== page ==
We will continue to invest in our future over the next several years, including key investments in supply chain, other technology infrastructure, route efficiency, as well as our brand. We will provide additional details as we progress with some of these key initiatives in the quarters ahead.

And with that, I’d like to turn the call over to Shane who will provide the details of our results for the second quarter.

Shane F. O’Connor — Senior Vice President & Chief Financial Officer

Thanks, Steve.

As Steve mentioned, our second quarter of 2021’s consolidated revenues were $449.8 million, down 3.2% from $464.6 million a year ago. And consolidated operating income decreased to $40.7 million from $44.1 million or 7.8%. Net income for the quarter decreased to $32.6 million or $1.71 per diluted share from $34.7 million or $1.82 per diluted share. Our effective tax rate in the quarter was 22.7% compared to 24.2% in the prior year which favorably impacted the EPS comparison. As a reminder, our tax rate can move from period to period based on discrete events including excess tax benefits and efficiencies associated with the employee share based payments.

Our core laundry operations revenues for the quarter were $398.2 million, down 3.4% from the second quarter of 2020. Core Laundry organic growth which adjusts for the estimated effective acquisitions as well as fluctuations in the Canadian dollar was negative 3.6%. Throughout the quarter, our weekly revenues remained relatively stable as we did not experience any significant headwinds from states, provinces, municipalities or our customers responding to the surge in positive COVID-19 case counts during the holiday period. Nor did we see any significant tailwind from the impact of the rollout of the COVID-19 vaccines. However, during the quarter, our top line performance was impacted by approximately $2 million from the effect of severe winter storms in Texas and the surrounding states on our operations as well as our customer locations.

Core Laundry operating margin decreased to 8.9% for the quarter or $35.4 million from 9.3% in prior year or $38.4 million. The segment’s profitability was negatively impacted by the decline in rental revenues on our cost structure as well as higher healthcare claims costs. In addition, the lost revenue and additional expense we incurred from the severe winter storms in Texas and the surrounding states reduced our operating income by approximately $2.6 million or $0.10 on EPS. These items were partially offset by lower merchandise and travel related costs. As Steve discussed, throughout the pandemic we have maintained our long-term perspective when managing the business, and as a result, we continued to invest in our core initiatives, including the further development and upcoming deployment of our CRM system.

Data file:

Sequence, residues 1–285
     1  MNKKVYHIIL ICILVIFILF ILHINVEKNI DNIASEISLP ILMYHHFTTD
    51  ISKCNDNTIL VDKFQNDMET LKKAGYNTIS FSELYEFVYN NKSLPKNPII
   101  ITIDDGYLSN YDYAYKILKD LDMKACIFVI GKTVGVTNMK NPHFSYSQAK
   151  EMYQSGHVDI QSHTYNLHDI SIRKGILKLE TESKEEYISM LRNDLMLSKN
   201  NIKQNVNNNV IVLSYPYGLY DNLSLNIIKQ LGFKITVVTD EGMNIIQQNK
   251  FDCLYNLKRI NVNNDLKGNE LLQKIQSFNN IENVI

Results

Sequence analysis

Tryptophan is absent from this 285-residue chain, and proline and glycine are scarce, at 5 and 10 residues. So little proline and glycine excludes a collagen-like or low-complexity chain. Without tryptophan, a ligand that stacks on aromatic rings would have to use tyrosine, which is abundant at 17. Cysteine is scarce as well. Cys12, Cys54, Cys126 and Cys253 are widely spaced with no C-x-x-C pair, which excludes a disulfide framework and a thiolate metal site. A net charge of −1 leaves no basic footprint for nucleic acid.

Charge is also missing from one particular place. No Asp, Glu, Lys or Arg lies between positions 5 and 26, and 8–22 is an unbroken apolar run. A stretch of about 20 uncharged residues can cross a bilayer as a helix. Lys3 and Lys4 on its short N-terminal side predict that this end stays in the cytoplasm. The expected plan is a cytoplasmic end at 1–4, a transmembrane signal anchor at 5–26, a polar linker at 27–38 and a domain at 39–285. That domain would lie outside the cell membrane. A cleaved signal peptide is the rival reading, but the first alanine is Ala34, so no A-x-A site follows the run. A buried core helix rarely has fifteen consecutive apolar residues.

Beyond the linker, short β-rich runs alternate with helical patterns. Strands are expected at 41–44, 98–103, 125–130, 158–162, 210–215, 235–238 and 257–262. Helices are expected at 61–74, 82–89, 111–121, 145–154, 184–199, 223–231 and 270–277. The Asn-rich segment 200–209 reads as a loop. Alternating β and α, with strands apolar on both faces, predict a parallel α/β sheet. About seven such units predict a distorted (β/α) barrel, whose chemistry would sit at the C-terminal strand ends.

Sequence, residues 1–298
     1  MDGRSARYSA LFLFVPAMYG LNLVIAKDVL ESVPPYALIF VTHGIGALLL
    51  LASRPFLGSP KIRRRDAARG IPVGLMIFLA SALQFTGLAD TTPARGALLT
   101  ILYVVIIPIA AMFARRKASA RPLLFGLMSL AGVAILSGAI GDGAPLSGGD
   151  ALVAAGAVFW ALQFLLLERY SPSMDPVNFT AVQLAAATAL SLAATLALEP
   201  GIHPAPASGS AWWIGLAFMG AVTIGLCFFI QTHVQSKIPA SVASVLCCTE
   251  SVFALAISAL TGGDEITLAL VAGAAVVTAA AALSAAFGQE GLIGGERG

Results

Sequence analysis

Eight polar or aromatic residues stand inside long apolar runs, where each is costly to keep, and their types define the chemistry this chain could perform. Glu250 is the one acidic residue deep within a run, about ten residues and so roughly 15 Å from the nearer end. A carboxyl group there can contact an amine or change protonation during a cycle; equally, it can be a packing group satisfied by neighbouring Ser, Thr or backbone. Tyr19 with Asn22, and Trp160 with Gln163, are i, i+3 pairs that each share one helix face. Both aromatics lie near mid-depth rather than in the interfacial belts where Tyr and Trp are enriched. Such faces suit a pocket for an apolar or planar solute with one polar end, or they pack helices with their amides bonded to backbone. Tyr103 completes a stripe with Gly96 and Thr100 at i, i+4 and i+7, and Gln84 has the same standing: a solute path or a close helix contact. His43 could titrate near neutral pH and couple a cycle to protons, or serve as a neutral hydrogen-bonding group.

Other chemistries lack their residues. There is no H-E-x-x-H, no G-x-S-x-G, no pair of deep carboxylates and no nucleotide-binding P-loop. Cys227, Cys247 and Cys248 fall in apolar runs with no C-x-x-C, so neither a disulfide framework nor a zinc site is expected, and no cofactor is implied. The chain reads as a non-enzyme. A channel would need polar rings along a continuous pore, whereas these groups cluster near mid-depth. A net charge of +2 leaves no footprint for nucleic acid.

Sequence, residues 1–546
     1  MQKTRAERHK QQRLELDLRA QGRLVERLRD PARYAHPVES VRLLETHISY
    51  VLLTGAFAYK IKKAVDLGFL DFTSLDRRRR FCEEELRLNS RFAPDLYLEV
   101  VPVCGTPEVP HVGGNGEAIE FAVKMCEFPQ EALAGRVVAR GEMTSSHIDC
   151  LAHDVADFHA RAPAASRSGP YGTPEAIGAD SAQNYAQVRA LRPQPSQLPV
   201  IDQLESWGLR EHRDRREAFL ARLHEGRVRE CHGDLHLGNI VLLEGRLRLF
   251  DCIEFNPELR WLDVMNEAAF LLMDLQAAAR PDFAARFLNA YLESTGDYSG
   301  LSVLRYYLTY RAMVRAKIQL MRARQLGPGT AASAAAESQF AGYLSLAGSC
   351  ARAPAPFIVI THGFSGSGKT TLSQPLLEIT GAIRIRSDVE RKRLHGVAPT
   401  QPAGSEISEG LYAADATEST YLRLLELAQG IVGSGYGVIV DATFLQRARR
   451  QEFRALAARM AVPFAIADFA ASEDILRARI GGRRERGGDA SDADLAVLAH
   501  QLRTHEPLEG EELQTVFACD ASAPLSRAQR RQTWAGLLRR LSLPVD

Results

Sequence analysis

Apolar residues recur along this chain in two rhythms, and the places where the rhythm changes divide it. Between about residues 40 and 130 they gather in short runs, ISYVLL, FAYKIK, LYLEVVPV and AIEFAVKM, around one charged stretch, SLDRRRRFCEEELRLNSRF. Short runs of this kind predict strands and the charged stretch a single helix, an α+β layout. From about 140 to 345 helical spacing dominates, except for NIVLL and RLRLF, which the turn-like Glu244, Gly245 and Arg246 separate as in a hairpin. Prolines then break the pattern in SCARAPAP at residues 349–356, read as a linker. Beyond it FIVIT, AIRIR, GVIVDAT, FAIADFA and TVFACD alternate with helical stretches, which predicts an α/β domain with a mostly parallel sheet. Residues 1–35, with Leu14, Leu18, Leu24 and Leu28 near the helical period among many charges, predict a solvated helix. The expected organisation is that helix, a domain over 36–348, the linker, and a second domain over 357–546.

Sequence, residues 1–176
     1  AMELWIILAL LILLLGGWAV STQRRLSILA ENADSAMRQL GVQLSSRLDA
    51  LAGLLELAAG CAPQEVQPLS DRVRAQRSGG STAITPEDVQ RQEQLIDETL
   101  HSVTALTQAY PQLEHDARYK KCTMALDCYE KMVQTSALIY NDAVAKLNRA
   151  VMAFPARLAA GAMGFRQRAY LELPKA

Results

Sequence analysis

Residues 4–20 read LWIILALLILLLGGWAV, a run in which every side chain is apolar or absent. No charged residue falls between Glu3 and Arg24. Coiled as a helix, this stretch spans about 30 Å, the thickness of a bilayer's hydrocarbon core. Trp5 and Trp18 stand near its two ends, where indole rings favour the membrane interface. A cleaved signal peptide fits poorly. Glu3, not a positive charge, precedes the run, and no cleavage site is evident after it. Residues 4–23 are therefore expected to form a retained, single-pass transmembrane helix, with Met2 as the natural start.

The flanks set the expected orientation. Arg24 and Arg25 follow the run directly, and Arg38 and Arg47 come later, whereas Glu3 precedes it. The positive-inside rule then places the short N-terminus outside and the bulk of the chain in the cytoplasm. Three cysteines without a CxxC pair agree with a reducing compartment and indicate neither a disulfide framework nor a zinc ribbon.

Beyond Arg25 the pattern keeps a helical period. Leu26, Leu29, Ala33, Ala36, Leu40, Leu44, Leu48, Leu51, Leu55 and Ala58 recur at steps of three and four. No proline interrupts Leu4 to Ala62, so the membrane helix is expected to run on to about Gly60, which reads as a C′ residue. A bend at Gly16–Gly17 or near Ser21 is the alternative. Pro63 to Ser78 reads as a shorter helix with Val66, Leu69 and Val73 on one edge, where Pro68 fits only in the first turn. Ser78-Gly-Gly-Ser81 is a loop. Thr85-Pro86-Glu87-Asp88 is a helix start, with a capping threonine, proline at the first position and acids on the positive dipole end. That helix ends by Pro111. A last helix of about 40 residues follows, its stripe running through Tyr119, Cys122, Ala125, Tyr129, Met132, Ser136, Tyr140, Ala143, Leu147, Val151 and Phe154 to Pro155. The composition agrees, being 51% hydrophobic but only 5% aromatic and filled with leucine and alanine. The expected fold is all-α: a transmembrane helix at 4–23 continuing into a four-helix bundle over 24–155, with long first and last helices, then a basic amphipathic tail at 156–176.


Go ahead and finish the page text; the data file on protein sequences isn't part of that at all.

Energy costs increased to 4.2% of revenues in the second quarter of 2021, up from 4.1% in prior year. This increase was primarily due to additional utility expenses the Company incurred related to higher demand during the severe winter storms in Texas and the surrounding states. Excluding those elevated expenses, energy costs would have been 3.9% of revenues as the benefit that we have been seeing over the last several quarters started to moderate with the price of fuel increasing nationally.

Revenues from our Specialty Garments segment, which delivers specialized nuclear decontamination and cleanroom products and services, decreased to $35.2 million from $36 million in prior year or 2.1%. This decrease was primarily due to lower activity in the US and Canadian nuclear operations, which was partially offset by continued growth in the cleanroom business. Both periods discussed benefited from significant one-time direct sales, which contributed to strong top line performance in a quarter that is usually negatively impacted by seasonality. The segment’s operating margin increased to 14.9% from 12.9%, primarily due to higher gross margin on its direct sales as well as lower travel related costs. These items were partially offset by higher payroll costs as a percentage of revenues. As we’ve mentioned in the past, this segment’s results can vary significantly from period to period due to seasonality and the timing of nuclear reactor outages and projects that require our specialized services.

Our First Aid segment’s revenues were $16.3 million compared to $16.4 million in the prior year. However, the segment’s operating profit was nominal compared to $1.1 million in the comparable period of 2020. This decrease is primarily due to reduced sales from the segment’s higher margin wholesale business, combined with continued investment in the Company’s initiative to expand its first aid van business into new geographies.

We continue to maintain a solid balance sheet and financial position with no long-term debt and cash, cash equivalents and short-term investments totaling $509.6 million at the end of our second quarter of fiscal 2021. For the first half of fiscal 2021, capital expenditures totaled $66.9 million as we continue to invest in our future with new facility additions, expansions, updates and automation systems that will help us meet our long-term strategic objectives. As a reminder, capex spend is elevated primarily due to the purchase of a $14.1 million building in New York City in our first quarter of 2020 which will provide us a strategic location for a future service center.